The Chess Variant Pages




The Piececlopedia is intended as a scholarly reference concerning the history and naming conventions of pieces used in Chess variants. But it is not a set of standards concerning what you must call pieces in newly invented games.

Piececlopedia: Bishop-Camel compound (Caliph, Flying Dragon)

Historical notes

The Caliph is a piece that combines the movement possibilities of the Bishop and Camel. It first appeared under the name Flying Dragon in Mark Hedden's Ganymede Chess, and was reinvented independently as a Caliph by Charles Gilman as part of a quartet with the Marshal, Cardinal, and Canvasser. It was used in this way in Ecumenical Chess and its 3d offshoot Ecumenical Eurasian Ninjachess. The name Caliph is intended to suggest its components. It is a title from the early days of Islam, a religion that began among a nomadic people who use camels and has since spread to other such peoples (as well as more settled people who don't, but that is incidental). The first two letters are chosen for extrapolation to Bishop compounds with other odd:odd oblique leapers by making the same substitution as From Ungulates Outwards suggests for the oblique leaper itself. Thus Bishop plus 5:1 Zemel is Zeliph, and so on.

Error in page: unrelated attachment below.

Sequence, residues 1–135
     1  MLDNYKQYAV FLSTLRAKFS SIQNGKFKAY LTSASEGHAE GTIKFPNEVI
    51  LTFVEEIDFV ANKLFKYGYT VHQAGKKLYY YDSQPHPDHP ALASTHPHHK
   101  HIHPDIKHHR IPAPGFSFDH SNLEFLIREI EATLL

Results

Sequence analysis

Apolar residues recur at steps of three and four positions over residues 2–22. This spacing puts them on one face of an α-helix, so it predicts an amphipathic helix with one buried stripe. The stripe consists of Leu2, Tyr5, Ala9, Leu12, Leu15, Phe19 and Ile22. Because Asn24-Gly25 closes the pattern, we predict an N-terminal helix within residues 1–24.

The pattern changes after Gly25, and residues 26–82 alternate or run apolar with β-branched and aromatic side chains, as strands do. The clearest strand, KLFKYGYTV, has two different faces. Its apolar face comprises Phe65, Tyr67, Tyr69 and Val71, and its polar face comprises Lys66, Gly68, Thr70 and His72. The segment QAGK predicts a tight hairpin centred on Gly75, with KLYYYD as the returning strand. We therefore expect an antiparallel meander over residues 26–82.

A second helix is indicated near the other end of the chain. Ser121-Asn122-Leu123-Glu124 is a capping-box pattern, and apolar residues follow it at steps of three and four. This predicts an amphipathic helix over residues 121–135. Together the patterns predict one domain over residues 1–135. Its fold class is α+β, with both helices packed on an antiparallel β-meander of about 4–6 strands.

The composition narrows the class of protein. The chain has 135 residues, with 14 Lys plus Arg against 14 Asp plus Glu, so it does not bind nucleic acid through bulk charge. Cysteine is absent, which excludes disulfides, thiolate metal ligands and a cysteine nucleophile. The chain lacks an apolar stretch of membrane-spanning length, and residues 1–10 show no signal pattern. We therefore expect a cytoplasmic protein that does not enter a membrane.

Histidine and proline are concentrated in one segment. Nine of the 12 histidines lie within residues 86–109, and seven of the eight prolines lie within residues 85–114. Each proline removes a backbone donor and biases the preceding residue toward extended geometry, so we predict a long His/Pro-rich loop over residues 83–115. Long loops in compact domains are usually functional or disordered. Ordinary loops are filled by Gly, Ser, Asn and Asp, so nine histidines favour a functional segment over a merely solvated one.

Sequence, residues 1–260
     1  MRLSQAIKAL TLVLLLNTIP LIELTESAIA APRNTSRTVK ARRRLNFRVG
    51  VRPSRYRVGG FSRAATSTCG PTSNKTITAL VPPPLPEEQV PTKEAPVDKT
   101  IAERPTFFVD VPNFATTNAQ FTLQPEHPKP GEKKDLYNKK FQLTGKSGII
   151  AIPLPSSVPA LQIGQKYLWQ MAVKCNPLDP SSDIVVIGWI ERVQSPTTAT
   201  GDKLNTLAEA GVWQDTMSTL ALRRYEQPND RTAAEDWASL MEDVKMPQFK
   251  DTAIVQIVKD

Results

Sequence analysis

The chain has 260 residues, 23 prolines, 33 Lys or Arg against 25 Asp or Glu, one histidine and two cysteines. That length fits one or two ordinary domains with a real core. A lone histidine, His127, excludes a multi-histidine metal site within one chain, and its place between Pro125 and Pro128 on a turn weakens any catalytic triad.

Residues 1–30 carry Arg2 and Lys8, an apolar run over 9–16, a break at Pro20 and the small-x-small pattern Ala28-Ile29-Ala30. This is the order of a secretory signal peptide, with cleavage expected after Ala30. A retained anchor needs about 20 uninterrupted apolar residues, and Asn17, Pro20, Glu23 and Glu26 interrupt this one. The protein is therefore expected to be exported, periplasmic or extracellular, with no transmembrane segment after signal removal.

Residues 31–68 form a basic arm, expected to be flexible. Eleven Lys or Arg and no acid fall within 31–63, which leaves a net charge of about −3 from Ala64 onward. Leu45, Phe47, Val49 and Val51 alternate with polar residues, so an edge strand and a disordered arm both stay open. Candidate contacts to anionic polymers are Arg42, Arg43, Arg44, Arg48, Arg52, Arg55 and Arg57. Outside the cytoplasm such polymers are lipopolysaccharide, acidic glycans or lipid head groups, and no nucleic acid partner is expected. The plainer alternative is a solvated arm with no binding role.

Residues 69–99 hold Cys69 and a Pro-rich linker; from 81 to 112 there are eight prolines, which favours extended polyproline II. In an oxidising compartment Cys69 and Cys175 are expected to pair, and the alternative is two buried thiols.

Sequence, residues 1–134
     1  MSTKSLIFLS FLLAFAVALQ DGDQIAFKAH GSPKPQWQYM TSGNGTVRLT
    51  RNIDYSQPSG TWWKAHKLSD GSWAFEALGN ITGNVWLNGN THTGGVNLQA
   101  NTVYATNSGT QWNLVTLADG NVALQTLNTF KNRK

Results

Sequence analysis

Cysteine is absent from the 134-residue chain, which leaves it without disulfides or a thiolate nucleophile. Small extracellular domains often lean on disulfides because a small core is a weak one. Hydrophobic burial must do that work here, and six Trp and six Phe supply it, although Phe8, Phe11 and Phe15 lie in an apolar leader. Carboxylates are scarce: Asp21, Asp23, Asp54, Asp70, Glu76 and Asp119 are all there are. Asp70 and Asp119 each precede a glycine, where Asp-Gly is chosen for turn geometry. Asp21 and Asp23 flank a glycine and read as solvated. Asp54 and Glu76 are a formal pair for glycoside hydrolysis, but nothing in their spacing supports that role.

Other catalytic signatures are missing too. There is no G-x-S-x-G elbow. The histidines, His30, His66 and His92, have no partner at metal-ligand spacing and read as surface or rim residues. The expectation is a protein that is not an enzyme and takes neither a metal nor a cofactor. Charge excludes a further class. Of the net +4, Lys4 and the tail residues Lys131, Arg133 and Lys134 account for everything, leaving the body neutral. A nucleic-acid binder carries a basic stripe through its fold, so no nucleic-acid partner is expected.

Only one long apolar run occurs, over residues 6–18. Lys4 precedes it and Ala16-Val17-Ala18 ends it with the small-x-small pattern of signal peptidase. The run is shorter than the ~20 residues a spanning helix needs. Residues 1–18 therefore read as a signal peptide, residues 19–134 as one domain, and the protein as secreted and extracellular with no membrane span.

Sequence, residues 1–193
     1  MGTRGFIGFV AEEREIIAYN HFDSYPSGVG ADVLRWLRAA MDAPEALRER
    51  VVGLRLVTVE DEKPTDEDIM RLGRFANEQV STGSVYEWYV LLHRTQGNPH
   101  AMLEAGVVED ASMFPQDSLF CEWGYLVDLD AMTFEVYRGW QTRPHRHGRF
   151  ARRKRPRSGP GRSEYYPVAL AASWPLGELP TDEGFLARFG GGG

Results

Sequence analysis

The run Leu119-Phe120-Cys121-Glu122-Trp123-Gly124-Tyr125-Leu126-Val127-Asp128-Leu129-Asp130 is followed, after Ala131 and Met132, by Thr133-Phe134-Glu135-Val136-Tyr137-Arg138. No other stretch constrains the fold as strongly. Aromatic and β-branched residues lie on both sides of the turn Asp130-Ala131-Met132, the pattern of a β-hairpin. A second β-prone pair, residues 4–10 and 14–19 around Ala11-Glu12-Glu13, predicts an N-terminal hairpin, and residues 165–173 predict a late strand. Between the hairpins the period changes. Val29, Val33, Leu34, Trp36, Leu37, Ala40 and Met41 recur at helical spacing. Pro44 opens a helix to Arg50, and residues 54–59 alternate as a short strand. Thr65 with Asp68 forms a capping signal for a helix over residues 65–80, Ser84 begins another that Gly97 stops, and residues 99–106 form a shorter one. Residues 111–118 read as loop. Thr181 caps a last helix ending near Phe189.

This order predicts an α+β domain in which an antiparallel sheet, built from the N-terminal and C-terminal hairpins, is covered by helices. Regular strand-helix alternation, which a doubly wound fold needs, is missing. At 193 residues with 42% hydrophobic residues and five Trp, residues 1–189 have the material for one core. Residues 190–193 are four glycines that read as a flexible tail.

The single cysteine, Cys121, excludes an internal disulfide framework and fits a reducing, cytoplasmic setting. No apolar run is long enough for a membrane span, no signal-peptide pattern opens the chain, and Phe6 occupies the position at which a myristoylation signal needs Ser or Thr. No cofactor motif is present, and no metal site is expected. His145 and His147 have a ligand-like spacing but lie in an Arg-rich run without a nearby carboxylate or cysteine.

Movement

The Caliph can move like a Bishop or a Camel. Unlike the Cardinal or Canvasser, both its components are colourbound in the same way, and therefore the Caliph itself is. This means that two are required to cover the whole board. This does however make it a very exact sum of its parts, so that concentrating the strength of the Wildebeest Chess back rank into just seven pieces would be more accurately done with Marshals and Caliphs than with Cardinals and Canvassers. Another way to view the Caliph is as a Marshal with all its move lengths multiplied by root 2 and turned through 45 degrees.

Movement diagram

The black circles indicate the leaping moves of a Camel, while the green circles indicate the Bishop move.









This is an item in the Piececlopedia: an overview of different (fairy) chess pieces.
Written by Charles Gilman.
WWW page created: June 23, 2005.